We arrived back in Dallas Sunday evening from a week-long visit with my parents. The flights were what I always hope for – uneventful, no tipping over. Everyone enjoyed a good nights sleep, each in their own beds. The next day was to be one of reckoning, as I knew it would be.
Those of you who have small children can probably attest to what happens to them after being in the company of their grandparents for an extended period of time. The grandparents, anxious to get back at their own children for depriving them of sleep and disposable income for twenty years, feed the child buckets of ice cream and boxes of cookies and anything else the child wants. They coax the child into some sort of sugar-induced trance and then act as a sherpa leading them to places far beyond the parental established boundaries. And that’s when they put the mojo on the kid.
After the mojo is firmly affixed to the kid, the grandparents say sly things to the unsuspecting parents like, “Why don’t you two go out for a nice quiet dinner? We’ll keep Sean (and convince him that the word no doesn’t really apply to him, it’s really just a suggestion!) Take your time (while we help him see you as two crazy people intent on ruining his life). He won’t even know you’re gone (because we’ll be letting him do whatever he wants!)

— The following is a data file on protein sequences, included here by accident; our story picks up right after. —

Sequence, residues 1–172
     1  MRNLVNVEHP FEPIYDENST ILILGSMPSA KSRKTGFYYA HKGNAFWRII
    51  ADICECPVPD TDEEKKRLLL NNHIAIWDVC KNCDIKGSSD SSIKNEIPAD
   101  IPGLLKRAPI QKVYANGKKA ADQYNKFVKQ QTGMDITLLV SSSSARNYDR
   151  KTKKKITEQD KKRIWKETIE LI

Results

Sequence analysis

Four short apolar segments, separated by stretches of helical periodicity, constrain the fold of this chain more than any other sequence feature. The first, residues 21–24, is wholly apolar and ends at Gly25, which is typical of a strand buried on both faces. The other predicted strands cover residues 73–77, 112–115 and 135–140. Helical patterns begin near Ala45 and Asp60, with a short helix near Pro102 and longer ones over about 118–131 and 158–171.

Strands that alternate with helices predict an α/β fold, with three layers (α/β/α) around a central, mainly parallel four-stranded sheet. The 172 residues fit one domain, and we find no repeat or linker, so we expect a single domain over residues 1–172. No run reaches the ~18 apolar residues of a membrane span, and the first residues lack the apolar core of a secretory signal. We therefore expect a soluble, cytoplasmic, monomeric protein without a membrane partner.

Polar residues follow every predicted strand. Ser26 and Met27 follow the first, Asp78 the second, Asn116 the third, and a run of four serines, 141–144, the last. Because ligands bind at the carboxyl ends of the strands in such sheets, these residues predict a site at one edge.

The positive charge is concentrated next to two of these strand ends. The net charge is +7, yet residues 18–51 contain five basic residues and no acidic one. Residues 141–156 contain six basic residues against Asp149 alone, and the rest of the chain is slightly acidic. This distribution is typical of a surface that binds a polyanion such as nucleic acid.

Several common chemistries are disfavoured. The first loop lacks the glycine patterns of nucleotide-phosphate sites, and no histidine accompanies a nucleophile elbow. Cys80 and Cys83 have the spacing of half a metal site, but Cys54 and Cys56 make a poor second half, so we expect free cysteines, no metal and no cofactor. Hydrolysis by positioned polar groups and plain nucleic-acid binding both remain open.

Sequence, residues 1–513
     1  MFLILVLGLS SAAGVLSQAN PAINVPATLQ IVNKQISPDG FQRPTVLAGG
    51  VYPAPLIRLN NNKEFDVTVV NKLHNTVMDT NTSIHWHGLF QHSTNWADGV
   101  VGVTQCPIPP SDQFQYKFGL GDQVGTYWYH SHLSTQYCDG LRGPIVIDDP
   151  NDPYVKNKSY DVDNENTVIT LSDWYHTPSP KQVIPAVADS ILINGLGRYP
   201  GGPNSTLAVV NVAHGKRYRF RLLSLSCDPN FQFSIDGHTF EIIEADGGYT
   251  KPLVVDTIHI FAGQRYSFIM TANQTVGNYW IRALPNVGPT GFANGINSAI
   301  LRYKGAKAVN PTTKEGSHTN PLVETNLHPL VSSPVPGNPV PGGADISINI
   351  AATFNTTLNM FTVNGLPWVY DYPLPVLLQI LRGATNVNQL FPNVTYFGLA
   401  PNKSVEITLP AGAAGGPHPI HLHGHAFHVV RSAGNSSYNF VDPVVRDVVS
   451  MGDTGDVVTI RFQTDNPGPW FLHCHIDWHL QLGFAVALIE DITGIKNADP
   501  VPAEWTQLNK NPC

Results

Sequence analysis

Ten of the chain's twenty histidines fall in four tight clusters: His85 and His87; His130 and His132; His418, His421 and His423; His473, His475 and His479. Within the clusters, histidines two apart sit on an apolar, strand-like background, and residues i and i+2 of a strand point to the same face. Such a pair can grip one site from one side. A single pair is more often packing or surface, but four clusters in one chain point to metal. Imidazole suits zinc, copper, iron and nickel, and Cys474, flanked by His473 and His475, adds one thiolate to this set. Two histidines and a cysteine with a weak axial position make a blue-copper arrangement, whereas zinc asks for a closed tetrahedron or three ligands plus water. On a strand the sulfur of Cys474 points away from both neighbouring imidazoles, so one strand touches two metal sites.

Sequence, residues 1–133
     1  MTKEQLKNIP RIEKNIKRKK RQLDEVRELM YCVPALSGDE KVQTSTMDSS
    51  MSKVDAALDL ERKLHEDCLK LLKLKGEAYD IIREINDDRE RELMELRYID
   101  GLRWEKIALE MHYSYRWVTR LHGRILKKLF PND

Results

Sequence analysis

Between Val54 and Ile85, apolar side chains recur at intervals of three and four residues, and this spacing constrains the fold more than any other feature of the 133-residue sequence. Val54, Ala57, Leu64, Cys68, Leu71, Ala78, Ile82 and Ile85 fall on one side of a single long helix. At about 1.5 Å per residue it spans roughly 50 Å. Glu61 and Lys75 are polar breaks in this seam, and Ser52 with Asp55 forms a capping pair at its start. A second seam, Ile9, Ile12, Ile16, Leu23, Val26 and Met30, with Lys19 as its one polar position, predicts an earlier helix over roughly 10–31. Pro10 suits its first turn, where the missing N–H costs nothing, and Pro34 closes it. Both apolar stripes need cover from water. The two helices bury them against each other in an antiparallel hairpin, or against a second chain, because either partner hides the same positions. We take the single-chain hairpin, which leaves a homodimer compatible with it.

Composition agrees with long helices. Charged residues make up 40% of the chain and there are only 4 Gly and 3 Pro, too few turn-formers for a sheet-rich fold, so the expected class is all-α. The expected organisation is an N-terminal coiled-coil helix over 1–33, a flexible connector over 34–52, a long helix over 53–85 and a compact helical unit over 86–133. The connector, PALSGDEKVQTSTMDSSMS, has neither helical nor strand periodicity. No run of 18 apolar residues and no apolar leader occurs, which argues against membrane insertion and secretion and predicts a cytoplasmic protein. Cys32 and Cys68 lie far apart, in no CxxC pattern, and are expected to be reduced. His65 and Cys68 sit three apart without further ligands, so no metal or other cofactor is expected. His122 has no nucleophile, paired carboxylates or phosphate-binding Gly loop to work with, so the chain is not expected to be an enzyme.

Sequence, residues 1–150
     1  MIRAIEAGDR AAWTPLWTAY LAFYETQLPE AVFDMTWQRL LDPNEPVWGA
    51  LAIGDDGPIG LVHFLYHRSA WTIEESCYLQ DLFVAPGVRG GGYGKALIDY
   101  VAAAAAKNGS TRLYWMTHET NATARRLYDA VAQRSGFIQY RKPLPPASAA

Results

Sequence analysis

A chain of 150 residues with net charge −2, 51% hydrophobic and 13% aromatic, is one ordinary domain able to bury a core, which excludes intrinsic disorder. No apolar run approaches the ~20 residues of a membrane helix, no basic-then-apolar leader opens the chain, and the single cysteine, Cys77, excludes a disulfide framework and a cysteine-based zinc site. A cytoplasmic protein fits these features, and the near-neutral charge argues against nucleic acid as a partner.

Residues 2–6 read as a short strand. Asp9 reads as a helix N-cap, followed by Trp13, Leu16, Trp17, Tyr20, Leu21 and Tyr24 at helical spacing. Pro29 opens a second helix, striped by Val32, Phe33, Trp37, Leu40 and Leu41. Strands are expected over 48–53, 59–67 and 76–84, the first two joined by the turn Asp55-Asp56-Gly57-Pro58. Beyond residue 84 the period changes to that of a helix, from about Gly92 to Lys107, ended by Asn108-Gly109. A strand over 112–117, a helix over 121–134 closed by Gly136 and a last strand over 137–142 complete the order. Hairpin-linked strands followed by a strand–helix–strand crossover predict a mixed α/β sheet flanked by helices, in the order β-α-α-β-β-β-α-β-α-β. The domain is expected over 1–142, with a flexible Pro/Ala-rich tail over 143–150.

The rude awaking came early. At the light of dawn on Monday morning Sean stood in his crib, rattling the rails like an agitated ape and screaming “Mahhhhhmmeeee!” Without fully awakening, I managed to get him out of bed, change his diaper and carry him into the kitchen and set him on the island so that I might pour him some milk. But apparently at Grandma’s house, Sean is allowed to climb up into the refrigerator and get the milk himself. So as I reached into the refrigerator to get the milk, he started screaming “I DO IT I DO IT!!! I wanna do it!”
My first mistake which I will chalk up to not having had any coffee yet was to try to reason with him: a) I always get the milk out, b) it’s on a shelf you cannot reach, c) it’s my house and my fridge d) because I SAID SO. Toddlers coming off a week at Grandma’s are not reasonable people. Reasoning only caused him to scream louder and louder until the hunting dogs that live two doors down started barking, perhaps sensing an injured animal or an exhausted 46-year-old woman with an unreasonable toddler – either way, both dead meat.
He would not be consoled until he got the milk out of the refrigerator himself and I was not going to be bullied by a two year old at 6:30 in the morning. We were at a standoff.
Finally he collapsed into a heap and cried “I want to go back to Wivian’s!” Being the mature, responsible adult that I am, I snapped, “I want you to send you back to Wivian’s, so there!”
It’s going to be a reeeeeally long week of undoing all of Wivian’s doing. Or it may just be my undoing. Stand by.